An excerpt from Dancing on Hot Coals:
I was starting the final trimester of my first year at Bethel Seminary, sitting in the library diligently working on…something. As I was there, a friend of mine sat down next to me and started a conversation. In our conversation he asked me if I would ever like to go to Africa. “Of course,” was my response. As a result of my response he encouraged me to take a part in a trip that he was leading to Central Africa in four or five months. That conversation took place on a Friday, by Sunday the check for my deposit for the trip was in the mail and I was on my way!
In preparation for our trip to Central Africa and specifically the countries of Rwanda, Democratic Republic of Congo and Kenya, I decided to do a little reading. I knew very little about any of the countries besides the fact that Rwanda had a genocide that took place in 1994 in attempt to wipe out the Tutsi people. But I started with the little knowledge that I had of them and began to read a book that just about tore my heart apart. “We Wish to Inform You that Tomorrow We Will Be Killed with Our Families” is a book that details the atrocities that took place against the Tutsi people at the hands of their Hutu brothers and sisters. I was sickened to learn of all of the animosity, resentment and hate that the Hutus had for the Tutsis, such intense feelings that caused them to kill 800,000 of them in a period of 100 days.
As I read story after story, account after account, I became enraged. I became enraged because I felt like no person, community or people should ever have to endure such oppression on account of who they are, what they have, how they look, or what they believe. I became enraged because I felt like this thing did not take place between two nations that were so different and complex from each other; in fact it happened in a place among a people who were more similar than they were different. I was enraged because even though I did not know them and had never seen them, I felt so connected to them on account of our shared humanity.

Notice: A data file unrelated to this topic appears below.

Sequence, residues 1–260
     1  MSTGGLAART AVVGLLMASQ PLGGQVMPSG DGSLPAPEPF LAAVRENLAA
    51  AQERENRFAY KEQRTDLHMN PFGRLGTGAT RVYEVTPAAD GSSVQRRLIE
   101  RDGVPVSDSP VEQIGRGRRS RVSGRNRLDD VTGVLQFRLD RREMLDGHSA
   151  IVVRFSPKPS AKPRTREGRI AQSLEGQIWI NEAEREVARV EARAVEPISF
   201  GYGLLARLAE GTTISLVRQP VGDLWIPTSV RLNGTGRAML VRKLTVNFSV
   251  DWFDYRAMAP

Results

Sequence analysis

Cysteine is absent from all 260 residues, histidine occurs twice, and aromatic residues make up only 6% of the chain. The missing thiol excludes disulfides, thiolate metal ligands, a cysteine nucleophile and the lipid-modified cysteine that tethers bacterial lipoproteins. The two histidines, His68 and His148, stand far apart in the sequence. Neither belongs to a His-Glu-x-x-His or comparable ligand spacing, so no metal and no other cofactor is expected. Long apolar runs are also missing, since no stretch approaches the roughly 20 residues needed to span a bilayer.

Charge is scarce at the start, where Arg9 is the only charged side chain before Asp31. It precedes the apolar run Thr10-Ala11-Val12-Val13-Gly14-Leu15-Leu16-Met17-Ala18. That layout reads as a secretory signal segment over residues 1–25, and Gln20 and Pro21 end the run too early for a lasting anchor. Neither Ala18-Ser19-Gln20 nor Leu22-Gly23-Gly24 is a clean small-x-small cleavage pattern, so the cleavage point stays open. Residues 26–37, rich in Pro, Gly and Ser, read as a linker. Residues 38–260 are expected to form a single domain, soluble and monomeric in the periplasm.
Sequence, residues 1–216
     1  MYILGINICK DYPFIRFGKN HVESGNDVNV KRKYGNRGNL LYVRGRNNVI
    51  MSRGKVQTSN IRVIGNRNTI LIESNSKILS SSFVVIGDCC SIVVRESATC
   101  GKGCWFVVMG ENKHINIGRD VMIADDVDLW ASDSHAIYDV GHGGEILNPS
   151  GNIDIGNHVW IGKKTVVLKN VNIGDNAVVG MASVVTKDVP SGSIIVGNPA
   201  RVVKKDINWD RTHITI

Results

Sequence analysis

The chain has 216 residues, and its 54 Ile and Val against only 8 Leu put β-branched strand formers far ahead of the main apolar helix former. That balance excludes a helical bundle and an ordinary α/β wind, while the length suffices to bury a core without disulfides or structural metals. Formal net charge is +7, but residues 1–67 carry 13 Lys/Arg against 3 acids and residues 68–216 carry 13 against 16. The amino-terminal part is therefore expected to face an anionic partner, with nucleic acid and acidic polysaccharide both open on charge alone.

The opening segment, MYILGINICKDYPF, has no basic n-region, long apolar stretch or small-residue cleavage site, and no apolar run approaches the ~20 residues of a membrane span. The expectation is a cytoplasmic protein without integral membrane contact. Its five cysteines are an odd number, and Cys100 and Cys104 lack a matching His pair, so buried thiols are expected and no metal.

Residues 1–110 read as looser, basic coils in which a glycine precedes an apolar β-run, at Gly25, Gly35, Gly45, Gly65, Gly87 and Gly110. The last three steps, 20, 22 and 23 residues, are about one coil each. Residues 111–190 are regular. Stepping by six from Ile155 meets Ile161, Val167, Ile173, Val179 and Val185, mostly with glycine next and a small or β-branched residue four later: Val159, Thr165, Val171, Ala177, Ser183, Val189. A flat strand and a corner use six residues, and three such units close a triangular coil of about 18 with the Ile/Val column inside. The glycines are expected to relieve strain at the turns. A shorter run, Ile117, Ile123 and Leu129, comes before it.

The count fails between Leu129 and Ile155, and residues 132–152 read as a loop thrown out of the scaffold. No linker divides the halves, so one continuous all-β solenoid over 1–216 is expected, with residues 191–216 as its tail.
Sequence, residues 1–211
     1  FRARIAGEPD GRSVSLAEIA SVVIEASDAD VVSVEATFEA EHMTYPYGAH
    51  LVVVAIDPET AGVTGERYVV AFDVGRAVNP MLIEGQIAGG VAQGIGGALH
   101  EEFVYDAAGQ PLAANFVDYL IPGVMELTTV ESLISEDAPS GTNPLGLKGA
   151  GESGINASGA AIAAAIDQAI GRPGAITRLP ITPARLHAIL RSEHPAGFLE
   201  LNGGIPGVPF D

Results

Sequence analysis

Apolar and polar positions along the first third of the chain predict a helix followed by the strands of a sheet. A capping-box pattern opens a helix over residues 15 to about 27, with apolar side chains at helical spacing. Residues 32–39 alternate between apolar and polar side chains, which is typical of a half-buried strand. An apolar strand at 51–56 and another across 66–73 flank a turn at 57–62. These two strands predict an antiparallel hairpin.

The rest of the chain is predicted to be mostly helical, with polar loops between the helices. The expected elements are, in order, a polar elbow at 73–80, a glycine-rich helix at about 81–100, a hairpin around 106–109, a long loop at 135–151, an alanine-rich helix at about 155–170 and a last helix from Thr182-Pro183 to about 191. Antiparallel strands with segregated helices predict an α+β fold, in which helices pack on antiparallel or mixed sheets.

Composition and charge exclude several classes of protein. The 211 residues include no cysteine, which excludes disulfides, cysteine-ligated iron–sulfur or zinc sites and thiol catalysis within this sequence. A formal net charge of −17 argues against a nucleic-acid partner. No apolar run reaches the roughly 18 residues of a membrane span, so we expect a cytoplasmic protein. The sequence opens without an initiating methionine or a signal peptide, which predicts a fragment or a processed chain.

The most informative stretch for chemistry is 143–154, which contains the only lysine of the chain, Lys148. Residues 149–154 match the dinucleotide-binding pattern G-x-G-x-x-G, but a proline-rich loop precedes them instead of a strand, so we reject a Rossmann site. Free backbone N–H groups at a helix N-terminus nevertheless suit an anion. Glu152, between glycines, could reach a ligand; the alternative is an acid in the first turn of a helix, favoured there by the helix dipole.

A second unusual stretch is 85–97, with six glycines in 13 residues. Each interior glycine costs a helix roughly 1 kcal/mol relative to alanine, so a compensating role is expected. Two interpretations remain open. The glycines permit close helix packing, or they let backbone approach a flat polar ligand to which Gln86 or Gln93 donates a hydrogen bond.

My rage, my anger, my sadness, my fear caused me to look to God. I wanted to know how he felt about this; what was his take on this whole thing? I must tell you that as I looked closely into his heart, I felt it breaking. God’s heart was breaking over the fact that this happened, and it was continuing to break on account that even though Rwanda’s experience had come and gone, we as a people still continue to do this to one another. All over the earth people steal, kill, conquer and divide others against themselves and as I got in tune with the Spirit of God, I came to realize that he couldn’t stand it. He couldn’t stand the fact that a people, a humanity that he created to live in relationship with one another was in such opposition to one another. He couldn’t stand that after all of this time, even after the sacrifice of Christ 2,000 years ago when a way was made for us to enter back into a restored relationship with one another that we still choose to do so much evil to one another.
It was in peering into the heart of God like this that I came to truly realize what I was created for. He had given me a glimpse of his reality and he wanted me to do something about it. After all of the years in school and after all of the time spent studying, finally I understood my destiny!
This is an excerpt from my book Dancing on Hot Coals, which you can buy on Amazon.com in either the Kindle format or paperback for as little as $2.99.